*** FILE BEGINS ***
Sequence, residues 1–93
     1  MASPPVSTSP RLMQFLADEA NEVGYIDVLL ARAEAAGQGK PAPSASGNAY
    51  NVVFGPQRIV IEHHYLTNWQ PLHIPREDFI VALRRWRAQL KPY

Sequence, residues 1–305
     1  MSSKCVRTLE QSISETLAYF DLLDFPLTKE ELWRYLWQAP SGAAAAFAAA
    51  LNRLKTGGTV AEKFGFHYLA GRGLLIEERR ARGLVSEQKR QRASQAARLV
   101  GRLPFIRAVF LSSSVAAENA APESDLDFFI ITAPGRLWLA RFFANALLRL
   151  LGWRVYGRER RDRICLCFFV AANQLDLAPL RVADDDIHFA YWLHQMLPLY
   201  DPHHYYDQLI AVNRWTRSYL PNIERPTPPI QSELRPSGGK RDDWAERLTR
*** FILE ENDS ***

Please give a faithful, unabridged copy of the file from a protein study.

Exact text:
Sequence, residues 1–93
     1  MASPPVSTSP RLMQFLADEA NEVGYIDVLL ARAEAAGQGK PAPSASGNAY
    51  NVVFGPQRIV IEHHYLTNWQ PLHIPREDFI VALRRWRAQL KPY

Sequence, residues 1–305
     1  MSSKCVRTLE QSISETLAYF DLLDFPLTKE ELWRYLWQAP SGAAAAFAAA
    51  LNRLKTGGTV AEKFGFHYLA GRGLLIEERR ARGLVSEQKR QRASQAARLV
   101  GRLPFIRAVF LSSSVAAENA APESDLDFFI ITAPGRLWLA RFFANALLRL
   151  LGWRVYGRER RDRICLCFFV AANQLDLAPL RVADDDIHFA YWLHQMLPLY
   201  DPHHYYDQLI AVNRWTRSYL PNIERPTPPI QSELRPSGGK RDDWAERLTR